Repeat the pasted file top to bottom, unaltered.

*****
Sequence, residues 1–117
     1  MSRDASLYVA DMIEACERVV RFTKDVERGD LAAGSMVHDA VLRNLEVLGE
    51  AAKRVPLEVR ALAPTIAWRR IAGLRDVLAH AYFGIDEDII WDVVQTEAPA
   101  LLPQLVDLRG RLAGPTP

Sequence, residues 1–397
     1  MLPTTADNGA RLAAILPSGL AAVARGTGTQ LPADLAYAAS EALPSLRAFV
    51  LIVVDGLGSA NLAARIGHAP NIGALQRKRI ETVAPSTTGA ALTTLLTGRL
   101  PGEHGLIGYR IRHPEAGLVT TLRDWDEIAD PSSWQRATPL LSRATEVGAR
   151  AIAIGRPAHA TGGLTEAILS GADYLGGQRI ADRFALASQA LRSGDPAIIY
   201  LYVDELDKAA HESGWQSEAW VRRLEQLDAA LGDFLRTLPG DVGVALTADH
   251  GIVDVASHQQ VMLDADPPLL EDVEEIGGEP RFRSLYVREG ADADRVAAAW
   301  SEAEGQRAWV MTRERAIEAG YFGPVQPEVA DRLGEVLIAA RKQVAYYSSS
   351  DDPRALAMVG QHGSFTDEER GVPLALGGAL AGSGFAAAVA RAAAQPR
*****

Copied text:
Sequence, residues 1–117
     1  MSRDASLYVA DMIEACERVV RFTKDVERGD LAAGSMVHDA VLRNLEVLGE
    51  AAKRVPLEVR ALAPTIAWRR IAGLRDVLAH AYFGIDEDII WDVVQTEAPA
   101  LLPQLVDLRG RLAGPTP

Sequence, residues 1–397
     1  MLPTTADNGA RLAAILPSGL AAVARGTGTQ LPADLAYAAS EALPSLRAFV
    51  LIVVDGLGSA NLAARIGHAP NIGALQRKRI ETVAPSTTGA ALTTLLTGRL
   101  PGEHGLIGYR IRHPEAGLVT TLRDWDEIAD PSSWQRATPL LSRATEVGAR
   151  AIAIGRPAHA TGGLTEAILS GADYLGGQRI ADRFALASQA LRSGDPAIIY
   201  LYVDELDKAA HESGWQSEAW VRRLEQLDAA LGDFLRTLPG DVGVALTADH
   251  GIVDVASHQQ VMLDADPPLL EDVEEIGGEP RFRSLYVREG ADADRVAAAW
   301  SEAEGQRAWV MTRERAIEAG YFGPVQPEVA DRLGEVLIAA RKQVAYYSSS
   351  DDPRALAMVG QHGSFTDEER GVPLALGGAL AGSGFAAAVA RAAAQPR